A 14-year old girl from Oklahoma City found a 3.85-carat diamond at Arkansas’ Crater of Diamonds State Park. Tana Clymer, the lucky girl, said she discovered the yellow-colored or Canary diamond after more than two hours of digging but unearthing nothing.
She gave up digging and just went looking around the park and after 10 minutes, she found the canary diamond right on the surface of the field. The Crater of Diamonds State Park is the only diamond-producing area that is open to the public and the 37.5 acre site search field of the park has given lucky visitors diamond finds over the years.
Clymer said she heard about the 12-year old boy, Michael Dettlaff of North Carolina who found a 5.16-carat diamond on the same park last July 31. She decided to try her luck too and convinced her family to visit Crater Diamonds State Park. Her efforts paid off, she immediately found a very beautiful tear-drop shaped 3.85-carat canary diamond on her first visit.
Around the size of a jelly bean, Tana’s diamond was assessed by Assistant Park Superintendent Bill Henderson and he said, “This canary diamond is very similar to the gem-quality, 4.21 carat canary diamond found at the Crater of Diamonds by Oklahoma State Trooper Marvin Culver of Nowata, Oklahoma, on March 12, 2006, a gem he named the Okie Dokie Diamond.”
Henderson said Tana named her diamond, God’s Jewel. She also told Henderson, “She’s either going to keep the diamond for a ring, or, if it’s worth a lot, she’ll want that for college.” Henderson revealed that there have been many diamonds found on the surface of the park because of the heavy rainfall which washes away dirt, uncovering diamonds buried beneath.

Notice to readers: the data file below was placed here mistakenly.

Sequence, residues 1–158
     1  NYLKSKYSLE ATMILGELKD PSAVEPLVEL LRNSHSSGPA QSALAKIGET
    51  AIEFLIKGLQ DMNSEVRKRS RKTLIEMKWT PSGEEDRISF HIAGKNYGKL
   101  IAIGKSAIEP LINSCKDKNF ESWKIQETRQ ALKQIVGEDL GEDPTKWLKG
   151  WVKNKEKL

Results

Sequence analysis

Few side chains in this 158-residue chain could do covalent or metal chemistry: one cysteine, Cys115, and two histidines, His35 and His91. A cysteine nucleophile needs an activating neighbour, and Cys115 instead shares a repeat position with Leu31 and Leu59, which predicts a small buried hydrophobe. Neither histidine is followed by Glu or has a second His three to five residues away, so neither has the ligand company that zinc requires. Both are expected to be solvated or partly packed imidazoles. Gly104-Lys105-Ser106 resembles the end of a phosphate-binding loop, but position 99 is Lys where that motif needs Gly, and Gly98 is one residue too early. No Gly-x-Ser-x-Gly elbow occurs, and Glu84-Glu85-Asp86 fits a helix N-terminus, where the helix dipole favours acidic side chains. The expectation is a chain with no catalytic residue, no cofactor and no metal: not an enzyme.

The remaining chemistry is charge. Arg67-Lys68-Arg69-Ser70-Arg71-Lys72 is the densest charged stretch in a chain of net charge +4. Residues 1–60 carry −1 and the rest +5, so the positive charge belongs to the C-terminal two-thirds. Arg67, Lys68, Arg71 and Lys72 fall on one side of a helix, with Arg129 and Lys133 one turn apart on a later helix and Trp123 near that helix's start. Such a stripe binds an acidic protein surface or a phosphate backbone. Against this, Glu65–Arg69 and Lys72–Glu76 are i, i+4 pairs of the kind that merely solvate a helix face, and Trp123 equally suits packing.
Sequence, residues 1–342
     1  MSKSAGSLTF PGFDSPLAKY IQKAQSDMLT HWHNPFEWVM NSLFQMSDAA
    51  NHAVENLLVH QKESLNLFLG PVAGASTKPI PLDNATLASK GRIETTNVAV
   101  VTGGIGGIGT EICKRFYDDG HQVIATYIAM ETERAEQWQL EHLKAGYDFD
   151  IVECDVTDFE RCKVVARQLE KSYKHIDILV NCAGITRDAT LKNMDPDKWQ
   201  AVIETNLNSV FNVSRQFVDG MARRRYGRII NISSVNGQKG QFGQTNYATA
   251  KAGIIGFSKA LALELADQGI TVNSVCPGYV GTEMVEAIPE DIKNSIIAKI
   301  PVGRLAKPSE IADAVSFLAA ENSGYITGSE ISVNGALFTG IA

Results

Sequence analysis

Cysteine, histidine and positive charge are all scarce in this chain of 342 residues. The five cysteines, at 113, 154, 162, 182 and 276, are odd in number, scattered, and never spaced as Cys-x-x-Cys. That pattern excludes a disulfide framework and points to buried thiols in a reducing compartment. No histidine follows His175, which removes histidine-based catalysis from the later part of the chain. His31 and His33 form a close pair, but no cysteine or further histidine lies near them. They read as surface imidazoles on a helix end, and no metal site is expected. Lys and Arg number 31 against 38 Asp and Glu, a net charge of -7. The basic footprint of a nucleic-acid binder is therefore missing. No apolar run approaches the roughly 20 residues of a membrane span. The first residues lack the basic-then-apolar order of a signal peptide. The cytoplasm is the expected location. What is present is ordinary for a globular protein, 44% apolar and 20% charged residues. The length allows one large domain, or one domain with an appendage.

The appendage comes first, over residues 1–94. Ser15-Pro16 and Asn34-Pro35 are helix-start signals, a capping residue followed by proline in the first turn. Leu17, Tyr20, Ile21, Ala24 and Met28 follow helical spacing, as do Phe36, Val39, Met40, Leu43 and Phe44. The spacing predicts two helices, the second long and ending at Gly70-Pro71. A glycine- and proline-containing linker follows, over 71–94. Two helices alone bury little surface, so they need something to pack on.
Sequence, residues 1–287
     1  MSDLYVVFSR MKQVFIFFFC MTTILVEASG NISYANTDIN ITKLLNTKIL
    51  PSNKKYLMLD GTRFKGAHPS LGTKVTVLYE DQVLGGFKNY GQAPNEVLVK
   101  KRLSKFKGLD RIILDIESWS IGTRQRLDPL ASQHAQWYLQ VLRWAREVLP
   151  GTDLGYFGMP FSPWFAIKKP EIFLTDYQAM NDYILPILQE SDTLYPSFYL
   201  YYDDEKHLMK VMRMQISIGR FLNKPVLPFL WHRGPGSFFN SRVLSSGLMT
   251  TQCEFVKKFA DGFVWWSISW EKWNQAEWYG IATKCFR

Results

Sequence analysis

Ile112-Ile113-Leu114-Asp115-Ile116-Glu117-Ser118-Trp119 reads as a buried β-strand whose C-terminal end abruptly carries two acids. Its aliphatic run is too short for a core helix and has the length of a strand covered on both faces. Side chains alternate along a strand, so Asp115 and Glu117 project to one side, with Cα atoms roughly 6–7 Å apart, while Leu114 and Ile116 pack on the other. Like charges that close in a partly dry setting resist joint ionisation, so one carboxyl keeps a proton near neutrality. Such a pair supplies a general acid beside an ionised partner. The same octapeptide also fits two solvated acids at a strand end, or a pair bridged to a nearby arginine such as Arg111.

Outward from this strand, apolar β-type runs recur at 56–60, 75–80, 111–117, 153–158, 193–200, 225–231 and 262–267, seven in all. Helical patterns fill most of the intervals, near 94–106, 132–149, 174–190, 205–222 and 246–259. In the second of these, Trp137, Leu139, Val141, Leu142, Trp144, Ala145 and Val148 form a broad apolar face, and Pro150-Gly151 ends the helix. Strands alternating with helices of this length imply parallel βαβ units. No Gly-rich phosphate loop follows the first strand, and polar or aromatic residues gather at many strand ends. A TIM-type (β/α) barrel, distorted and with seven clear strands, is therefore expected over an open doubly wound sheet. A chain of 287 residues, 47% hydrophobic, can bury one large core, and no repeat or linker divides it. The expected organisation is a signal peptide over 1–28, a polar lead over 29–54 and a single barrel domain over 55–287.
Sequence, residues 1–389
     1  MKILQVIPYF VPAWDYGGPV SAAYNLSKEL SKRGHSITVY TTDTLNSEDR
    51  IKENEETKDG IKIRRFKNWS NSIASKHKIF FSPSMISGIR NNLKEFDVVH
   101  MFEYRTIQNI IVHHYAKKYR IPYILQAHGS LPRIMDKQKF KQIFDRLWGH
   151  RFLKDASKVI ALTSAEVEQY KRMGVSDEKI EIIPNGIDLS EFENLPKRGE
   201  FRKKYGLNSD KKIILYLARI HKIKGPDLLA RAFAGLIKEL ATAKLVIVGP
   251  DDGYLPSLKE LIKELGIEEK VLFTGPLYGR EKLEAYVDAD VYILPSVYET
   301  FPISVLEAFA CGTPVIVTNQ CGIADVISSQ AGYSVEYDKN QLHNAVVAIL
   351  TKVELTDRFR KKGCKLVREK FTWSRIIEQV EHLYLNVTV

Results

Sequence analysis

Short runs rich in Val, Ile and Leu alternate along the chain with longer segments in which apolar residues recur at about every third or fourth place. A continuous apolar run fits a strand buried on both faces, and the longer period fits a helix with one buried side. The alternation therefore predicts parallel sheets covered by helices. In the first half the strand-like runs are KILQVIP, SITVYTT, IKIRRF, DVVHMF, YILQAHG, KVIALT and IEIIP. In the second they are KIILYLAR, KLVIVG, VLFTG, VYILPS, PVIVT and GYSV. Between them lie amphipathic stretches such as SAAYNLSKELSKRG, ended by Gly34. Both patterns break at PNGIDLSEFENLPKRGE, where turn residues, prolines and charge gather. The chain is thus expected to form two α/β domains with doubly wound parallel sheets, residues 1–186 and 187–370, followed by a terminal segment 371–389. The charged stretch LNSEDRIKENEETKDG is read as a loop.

Tana Clyder’s gem is the 396th diamond found on the Park for this year. Crater of Diamonds State Park has a long history of giving its visitors precious gem finds. In addition to diamonds, this park also has garnets, agates, quartz, peridot, and amethyst.
The park practices a policy of “finders-keepers.” They also offer free identification and registration of found diamonds and other gems. Aside from educational lectures, the park employees also regularly plow the search field area to help visitors find fresh new diamonds. Heavy rains further unearth more precious stones.
This park has a rich history. Over 75,000 diamonds have been discovered on this area. John Huddleston, the original owner of the lot that is now Crater of Diamonds State Park, was the first to discover diamonds on the site in 1906. It was made a state park in 1972.
The largest diamond ever found in American soil was also unearthed at Crater of Diamonds. The Uncle Sam was a white/pinkish 40.23-carat diamond found in 1924 during early mining operations on Crater of Diamonds Park. After becoming a state park open to the public, the area kept on producing notable diamond finds by its visitors.
In 1975, a visitor from Texas found a 16.37-carat white diamond now named “Amarillo Starlight.” It is the still the largest diamond ever found by a visitor on the site. The second biggest diamond was found in 1981, the 8.82-carat white diamond. In 2011, a woman from Colorado found the third largest find, a 8.66-carat white diamond which she named as Illusion Diamond.
Tana Clymer’s diamond find should also inspire you. Why not try dropping by Crater of Diamonds State Park? It is near Murfreesboro on Arkansas Highway 301. Remember, they have a finder-keepers policy. You will own what you will find. You might just be the lucky one who will find a 2-million dollar diamond like the Kahn Canary diamond, which even uncut, is already considered Arkansas’ most valuable and priceless state symbol.